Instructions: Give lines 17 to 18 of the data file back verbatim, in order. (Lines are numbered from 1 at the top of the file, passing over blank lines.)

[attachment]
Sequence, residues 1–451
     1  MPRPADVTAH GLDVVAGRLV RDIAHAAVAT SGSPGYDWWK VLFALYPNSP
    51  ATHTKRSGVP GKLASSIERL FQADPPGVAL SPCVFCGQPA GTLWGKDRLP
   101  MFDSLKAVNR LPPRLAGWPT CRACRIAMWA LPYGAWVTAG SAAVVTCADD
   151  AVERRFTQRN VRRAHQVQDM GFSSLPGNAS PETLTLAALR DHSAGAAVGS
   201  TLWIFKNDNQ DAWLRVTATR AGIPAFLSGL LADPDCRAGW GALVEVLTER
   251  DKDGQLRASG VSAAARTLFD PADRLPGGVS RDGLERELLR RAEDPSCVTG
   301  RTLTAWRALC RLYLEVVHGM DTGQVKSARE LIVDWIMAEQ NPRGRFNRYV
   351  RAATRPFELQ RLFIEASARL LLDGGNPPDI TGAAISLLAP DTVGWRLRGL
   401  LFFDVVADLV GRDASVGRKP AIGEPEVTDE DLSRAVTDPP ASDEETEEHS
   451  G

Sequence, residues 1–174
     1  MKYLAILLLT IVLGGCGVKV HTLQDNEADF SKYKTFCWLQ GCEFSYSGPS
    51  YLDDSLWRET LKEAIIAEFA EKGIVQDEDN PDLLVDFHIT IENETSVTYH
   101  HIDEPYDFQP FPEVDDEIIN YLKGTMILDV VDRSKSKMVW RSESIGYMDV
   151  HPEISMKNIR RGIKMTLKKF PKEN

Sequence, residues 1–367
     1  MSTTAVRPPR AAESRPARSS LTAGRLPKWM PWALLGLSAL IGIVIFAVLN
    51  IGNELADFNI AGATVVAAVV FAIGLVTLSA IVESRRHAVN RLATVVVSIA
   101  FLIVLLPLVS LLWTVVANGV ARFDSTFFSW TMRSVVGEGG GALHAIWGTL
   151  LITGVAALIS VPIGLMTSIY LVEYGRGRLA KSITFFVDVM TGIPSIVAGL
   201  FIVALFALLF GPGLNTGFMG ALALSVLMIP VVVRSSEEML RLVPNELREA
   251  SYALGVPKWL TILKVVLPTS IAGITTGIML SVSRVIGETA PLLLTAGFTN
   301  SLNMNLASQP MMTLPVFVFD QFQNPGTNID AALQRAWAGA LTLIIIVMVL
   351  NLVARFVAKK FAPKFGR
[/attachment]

Sequence, residues 1–367
     1  MSTTAVRPPR AAESRPARSS LTAGRLPKWM PWALLGLSAL IGIVIFAVLN